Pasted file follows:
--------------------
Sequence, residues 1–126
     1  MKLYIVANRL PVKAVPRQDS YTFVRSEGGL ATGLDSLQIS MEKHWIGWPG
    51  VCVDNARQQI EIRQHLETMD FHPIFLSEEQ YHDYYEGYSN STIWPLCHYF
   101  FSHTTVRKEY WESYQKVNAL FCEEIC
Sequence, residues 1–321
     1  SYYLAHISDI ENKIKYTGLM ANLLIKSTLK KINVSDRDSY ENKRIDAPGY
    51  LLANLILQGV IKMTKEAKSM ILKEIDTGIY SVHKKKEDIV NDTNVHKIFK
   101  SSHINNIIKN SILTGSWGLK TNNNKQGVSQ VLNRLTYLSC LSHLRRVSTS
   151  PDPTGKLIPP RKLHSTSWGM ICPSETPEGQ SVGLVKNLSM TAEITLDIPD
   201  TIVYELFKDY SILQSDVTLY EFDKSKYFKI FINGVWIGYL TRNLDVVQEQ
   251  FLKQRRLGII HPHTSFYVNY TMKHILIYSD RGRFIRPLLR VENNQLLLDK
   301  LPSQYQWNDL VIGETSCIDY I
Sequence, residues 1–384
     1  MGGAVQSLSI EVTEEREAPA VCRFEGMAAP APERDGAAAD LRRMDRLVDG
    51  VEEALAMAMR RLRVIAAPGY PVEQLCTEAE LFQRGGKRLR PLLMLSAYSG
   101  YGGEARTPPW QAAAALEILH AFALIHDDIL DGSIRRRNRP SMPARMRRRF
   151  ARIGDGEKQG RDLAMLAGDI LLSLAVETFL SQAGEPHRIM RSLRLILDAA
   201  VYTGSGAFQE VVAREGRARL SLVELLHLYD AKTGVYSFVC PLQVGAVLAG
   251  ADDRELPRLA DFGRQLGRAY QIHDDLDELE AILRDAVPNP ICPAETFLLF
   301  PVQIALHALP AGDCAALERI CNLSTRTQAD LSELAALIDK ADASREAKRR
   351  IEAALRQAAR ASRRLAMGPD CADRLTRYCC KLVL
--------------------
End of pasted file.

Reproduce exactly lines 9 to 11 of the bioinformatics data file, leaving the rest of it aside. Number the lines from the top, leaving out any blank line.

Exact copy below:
   151  PDPTGKLIPP RKLHSTSWGM ICPSETPEGQ SVGLVKNLSM TAEITLDIPD
   201  TIVYELFKDY SILQSDVTLY EFDKSKYFKI FINGVWIGYL TRNLDVVQEQ
   251  FLKQRRLGII HPHTSFYVNY TMKHILIYSD RGRFIRPLLR VENNQLLLDK